Vampirella (1996)


It’s hard to believe almost twenty years ago, the height of superhero movies was “Batman & Robin” with studios not really clamoring to adapt any of the beloved superheroes. It took “Blade” to finally bring some tooth and maturity to the entire sub-genre. One of the more interesting precursors to “Blade” is the dreadfully boring vampire adaptation “Vampirella,” which is a tonally confused take on the pulpy pin up character mostly known for being beautiful and sexy, and not so much for her compelling story lines. “Vampirella” is never sure if it’s campy horror schlock, exploitative vampire softcore, or a stern horror epic. So director Jim Wynorski pretty much lunges for all three on the table, and comes out with this pretty gloomy and dull film.

Talisa Soto plays Vampirella who is obviously playing her role as this noble heroine with dark capabilities and a slinky outfit. Roger Daltrey plays the film’s villain Vlad, obviously playing his role for all the cheesiness and camp value it’s worth. He even dons a puffy shirt when we first meet him, and delights in popping up on people with a cliché vampire hiss. Vampirella comes from the planet Drakulon, where she’s one of many vampire residents on her planet. They retain their life by drinking from the lakes and rivers of blood available to them. I’ve always wondered: If Vampirella is from Drakulon, is there such a thing called Drakulite? Either way, after Vlad and his cult of vampire followers murder the planet’s council they escape Drakulon ending up on Earth.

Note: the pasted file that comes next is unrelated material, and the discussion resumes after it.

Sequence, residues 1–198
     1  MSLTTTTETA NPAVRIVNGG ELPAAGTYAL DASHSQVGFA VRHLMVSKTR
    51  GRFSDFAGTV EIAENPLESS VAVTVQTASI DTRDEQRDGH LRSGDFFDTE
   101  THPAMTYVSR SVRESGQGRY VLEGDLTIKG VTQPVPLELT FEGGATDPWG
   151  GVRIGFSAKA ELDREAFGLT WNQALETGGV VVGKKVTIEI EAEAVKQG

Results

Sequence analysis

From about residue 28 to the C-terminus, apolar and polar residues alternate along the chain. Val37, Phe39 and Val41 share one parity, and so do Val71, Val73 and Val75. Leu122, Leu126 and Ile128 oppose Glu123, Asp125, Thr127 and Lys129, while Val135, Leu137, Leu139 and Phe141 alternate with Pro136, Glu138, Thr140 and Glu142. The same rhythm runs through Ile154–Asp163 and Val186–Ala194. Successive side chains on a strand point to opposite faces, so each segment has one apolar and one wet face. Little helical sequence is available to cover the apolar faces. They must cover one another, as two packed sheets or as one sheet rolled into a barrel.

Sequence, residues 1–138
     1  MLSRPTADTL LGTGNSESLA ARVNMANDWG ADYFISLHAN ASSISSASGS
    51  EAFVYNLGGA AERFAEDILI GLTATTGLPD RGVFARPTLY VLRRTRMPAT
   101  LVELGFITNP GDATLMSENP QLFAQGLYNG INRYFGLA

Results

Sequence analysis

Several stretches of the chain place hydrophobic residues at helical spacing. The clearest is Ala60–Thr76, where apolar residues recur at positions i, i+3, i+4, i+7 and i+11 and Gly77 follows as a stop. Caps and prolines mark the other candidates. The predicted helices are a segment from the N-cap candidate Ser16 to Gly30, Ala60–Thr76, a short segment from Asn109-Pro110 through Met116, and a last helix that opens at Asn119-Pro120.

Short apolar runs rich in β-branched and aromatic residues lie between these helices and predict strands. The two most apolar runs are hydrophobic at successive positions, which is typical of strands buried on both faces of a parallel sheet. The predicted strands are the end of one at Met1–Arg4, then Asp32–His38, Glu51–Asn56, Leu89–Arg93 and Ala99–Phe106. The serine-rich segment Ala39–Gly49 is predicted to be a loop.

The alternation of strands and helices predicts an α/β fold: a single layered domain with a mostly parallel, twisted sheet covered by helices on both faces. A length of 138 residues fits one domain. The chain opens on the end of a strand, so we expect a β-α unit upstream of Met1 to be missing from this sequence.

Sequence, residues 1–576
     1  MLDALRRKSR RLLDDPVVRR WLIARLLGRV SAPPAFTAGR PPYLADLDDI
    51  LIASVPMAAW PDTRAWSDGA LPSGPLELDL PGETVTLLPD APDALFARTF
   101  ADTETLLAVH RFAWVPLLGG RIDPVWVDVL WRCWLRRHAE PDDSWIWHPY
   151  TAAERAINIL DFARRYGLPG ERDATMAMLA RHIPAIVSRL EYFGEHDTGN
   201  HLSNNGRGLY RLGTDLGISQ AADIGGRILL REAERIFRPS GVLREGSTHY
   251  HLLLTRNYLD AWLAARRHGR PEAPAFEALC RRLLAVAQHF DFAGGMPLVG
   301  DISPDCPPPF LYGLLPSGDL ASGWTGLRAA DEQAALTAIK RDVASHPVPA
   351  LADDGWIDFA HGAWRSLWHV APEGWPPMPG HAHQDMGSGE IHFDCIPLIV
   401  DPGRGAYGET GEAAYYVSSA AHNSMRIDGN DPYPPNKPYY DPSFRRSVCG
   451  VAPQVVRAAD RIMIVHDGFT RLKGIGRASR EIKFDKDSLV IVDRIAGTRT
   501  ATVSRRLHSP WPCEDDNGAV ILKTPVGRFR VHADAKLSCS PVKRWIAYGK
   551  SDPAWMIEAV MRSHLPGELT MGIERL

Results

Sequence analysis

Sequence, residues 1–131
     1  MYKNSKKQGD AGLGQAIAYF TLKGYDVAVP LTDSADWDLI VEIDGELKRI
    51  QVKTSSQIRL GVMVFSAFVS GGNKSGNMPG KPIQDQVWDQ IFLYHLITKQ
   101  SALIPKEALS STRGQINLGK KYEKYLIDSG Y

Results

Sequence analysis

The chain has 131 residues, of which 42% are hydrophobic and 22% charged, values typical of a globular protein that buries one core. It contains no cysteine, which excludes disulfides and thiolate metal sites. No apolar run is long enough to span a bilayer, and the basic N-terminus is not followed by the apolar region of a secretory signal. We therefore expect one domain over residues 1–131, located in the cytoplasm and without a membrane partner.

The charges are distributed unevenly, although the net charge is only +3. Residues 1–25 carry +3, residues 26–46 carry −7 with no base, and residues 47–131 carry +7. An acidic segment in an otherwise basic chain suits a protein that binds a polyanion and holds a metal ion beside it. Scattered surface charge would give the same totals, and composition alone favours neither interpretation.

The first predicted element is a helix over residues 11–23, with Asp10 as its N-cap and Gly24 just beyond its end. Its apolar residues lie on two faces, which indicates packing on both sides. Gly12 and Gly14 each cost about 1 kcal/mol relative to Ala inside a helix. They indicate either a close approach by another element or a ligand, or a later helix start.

Meanwhile Vampirella follows on her own ship, and lands on Earth thanks to stowing away on a space expedition. Here on Earth she dons her trademark skimpy red outfit, all the while reveling in her Romanian accent that makes her sound like a Bela Lugosi fan girl. Vlad, of course masquerades as a rock star to keep his ego boosted, allowing him a chance to fulfill world domination, as Vampirella tracks him down to avenge her murdered father. While her mission ensues, she teams up with a vampire hunting clan named “Purge,” and a computer nerd named Forry Ackerman. No, seriously. Wynorski is at his best when he’s being exploitative and it sadly works against Talisa Soto, who’s usually a very conservative albeit gorgeous actress.

All of the female vampires in the film undress or reveal their breasts at one or two points, while Vampirella herself never actually bares full flesh. In fact much of her sexuality is dialed down in favor of a character that’s less vixen and more superhero. However, there is enough consolation with nude shots of Corrina Harney and the bombshell Peggy Trentini. “Vampirella” really needed a bigger budget, and a director who understood the sensibilities to deliver a pulpy horror action film. Its 1996 incarnation is a brutally boring, and terrible film that promises a sequel that, thankfully, never happened. We can always hope a reboot, though.